International Olympic Committee (IOC) President, Thomas Bach, has warned athletes against protesting in any form at Tokyo 2020, claiming the Games “must never be a platform to advance political or any other potentially divisive ends”.
In his New Year’s message, Bach urged athletes to respect their fellow competitors at Tokyo 2020 by refraining from political demonstrations.
The IOC President reiterated his opposition to the “growing politicisation of sport”, which he claimed “leads to no result and in the end just deepens existing divisions”.
A similar sentiment was expressed during an Olympic Summit in Lausanne last month, although podium protests by athletes were not directly mentioned.
There were two protests in the space of 24 hours by American athletes at the 2019 Pan American Games, while Australia’s Mack Horton and Britain’s Duncan Scott refused to share the podium with China’s Sun Yang during the World Aquatics Championships.
The IOC’s Rule 50 states that “No kind of demonstration or political, religious or racial propaganda is permitted in any Olympic sites, venues or other areas”.
“The Olympic Games are always a global platform for the athletes and their sporting performances,” Bach said.
“They are not, and must never be, a platform to advance political or any other potentially divisive ends.
“We stand firmly against the growing politicisation of sport because only in this way can we accomplish our mission to unite the world in peaceful competition.
“As history has shown, such politicisation of sport leads to no result and in the end just deepens existing divisions.”.
“It is important to note in this regard that there is broad support and understanding among a great majority of athletes that the field of play and ceremonies should not become an arena for political statements or any kind of protests.
“Respecting one’s fellow athletes also means respecting their unique Olympic moment and not distracting from it with one’s own political views.”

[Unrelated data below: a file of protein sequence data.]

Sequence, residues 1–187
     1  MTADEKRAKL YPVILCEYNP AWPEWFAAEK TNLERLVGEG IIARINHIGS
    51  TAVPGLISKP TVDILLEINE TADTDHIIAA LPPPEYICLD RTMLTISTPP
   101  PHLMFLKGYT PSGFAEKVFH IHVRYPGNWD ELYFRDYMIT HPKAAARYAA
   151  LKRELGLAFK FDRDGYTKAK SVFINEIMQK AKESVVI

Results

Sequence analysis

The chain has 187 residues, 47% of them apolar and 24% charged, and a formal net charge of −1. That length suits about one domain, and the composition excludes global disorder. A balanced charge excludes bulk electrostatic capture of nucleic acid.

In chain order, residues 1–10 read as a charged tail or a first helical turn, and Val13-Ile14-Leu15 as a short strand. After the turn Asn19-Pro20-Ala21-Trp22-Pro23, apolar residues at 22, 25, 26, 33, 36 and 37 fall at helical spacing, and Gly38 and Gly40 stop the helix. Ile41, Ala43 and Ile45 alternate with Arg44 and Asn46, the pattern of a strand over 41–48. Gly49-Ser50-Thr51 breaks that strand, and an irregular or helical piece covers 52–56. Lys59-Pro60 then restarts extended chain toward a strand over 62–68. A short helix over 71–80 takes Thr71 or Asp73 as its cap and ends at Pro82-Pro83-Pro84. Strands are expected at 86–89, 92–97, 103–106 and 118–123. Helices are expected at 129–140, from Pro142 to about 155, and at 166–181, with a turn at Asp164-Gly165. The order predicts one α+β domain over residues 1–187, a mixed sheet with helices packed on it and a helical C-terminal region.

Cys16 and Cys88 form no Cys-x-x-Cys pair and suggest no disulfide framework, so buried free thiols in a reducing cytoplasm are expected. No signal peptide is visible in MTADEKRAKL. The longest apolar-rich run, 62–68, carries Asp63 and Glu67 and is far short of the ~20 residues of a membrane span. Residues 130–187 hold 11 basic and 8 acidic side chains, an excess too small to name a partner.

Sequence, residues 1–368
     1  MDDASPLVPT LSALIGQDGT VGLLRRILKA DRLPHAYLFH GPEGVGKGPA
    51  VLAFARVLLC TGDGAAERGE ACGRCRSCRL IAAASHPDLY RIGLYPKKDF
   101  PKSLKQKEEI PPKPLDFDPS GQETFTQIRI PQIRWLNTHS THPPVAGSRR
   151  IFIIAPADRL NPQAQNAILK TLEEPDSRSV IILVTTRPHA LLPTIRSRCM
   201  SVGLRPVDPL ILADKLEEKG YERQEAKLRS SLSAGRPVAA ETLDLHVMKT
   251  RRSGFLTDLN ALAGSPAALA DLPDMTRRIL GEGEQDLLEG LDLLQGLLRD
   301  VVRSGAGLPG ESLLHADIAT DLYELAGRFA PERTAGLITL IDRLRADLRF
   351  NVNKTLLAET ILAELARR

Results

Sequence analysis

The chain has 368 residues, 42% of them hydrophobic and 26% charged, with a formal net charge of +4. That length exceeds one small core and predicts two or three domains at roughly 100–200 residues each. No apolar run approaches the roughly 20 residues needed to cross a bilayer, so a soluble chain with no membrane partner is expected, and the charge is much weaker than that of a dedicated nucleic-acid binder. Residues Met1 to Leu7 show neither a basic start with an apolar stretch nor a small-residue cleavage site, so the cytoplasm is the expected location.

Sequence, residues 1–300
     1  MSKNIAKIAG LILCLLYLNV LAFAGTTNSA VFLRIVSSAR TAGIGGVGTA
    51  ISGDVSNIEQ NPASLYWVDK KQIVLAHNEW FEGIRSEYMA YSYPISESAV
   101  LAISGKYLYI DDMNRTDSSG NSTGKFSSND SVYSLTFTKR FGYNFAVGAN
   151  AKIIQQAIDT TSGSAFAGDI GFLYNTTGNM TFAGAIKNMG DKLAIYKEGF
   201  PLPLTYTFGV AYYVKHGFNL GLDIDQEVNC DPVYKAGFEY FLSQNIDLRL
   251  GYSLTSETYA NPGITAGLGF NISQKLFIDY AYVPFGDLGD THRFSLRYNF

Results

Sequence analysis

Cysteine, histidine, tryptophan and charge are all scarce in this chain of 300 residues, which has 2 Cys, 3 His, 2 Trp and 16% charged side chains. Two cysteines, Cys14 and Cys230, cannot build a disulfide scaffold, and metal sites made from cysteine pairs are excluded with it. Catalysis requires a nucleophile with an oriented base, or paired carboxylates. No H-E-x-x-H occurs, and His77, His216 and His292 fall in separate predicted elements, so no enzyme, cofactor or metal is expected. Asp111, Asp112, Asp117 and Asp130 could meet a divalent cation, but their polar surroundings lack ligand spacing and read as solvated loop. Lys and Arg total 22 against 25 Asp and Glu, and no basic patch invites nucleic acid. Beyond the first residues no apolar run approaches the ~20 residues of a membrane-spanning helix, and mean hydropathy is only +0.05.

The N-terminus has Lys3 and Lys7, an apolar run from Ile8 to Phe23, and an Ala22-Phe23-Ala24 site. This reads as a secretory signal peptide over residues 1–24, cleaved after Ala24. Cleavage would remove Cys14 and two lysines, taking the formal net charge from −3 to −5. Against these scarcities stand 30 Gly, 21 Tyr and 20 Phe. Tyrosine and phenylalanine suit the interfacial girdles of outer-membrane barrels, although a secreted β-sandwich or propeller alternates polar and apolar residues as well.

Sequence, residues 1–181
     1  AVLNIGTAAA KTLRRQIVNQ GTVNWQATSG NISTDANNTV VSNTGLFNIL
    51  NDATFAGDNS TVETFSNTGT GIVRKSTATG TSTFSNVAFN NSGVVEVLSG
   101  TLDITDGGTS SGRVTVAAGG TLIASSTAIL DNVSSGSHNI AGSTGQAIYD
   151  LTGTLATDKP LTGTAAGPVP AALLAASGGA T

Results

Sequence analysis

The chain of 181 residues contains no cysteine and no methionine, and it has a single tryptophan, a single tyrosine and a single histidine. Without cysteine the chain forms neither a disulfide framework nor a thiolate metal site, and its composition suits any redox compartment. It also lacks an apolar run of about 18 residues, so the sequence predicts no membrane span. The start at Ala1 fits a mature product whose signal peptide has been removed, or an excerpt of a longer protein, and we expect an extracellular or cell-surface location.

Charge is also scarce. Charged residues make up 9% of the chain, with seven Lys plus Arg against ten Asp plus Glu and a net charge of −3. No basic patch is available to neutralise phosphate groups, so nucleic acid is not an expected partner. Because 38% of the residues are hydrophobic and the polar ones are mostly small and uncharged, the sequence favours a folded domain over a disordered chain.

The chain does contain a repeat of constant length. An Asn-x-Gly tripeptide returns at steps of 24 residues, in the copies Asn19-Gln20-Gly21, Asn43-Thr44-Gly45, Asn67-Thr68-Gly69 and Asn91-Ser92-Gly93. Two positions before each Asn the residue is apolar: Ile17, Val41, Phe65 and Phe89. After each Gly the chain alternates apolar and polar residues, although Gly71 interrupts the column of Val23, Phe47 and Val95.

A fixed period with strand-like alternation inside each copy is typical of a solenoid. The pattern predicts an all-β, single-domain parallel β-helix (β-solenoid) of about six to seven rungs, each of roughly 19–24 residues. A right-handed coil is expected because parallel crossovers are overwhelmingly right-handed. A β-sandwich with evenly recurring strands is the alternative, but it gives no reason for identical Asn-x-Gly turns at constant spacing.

IOC Athletes’ Commission chairperson Kirsty Coventry claimed the majority of athletes on a conference call in October rejected podium demonstrations as a legitimate place to stage a protest at the Olympics.
Others, however, said the debate was more nuanced than Coventry had conveyed, with some pointing out the difference in the podium protests which made headlines in 2019.
Fencer Race Imboden, an Olympic bronze medallist, knelt during the American national anthem and called for change in the United States, citing racism, gun control, mistreatment of immigrants and opposition to President Donald Trump.
Hammer thrower Gwen Berry later staged her own protest, raising her right fist at the conclusion of her medal ceremony.
The United States Olympic and Paralympic Committee placed both athletes on probation following the Games and warned others who make similar stands – including at Tokyo 2020 – will be given harsher punishments.
The stands taken by the American duo differed from the actions of Horton and Scott, who protested against Sun’s appearance at the World Championships because of his doping record.
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The Chinese three-time Olympic champion served a three-month drug ban in 2014 and is facing up to an eight-year suspension after one of his entourage was found to have smashed his blood vial during a row with testers in September 2018.
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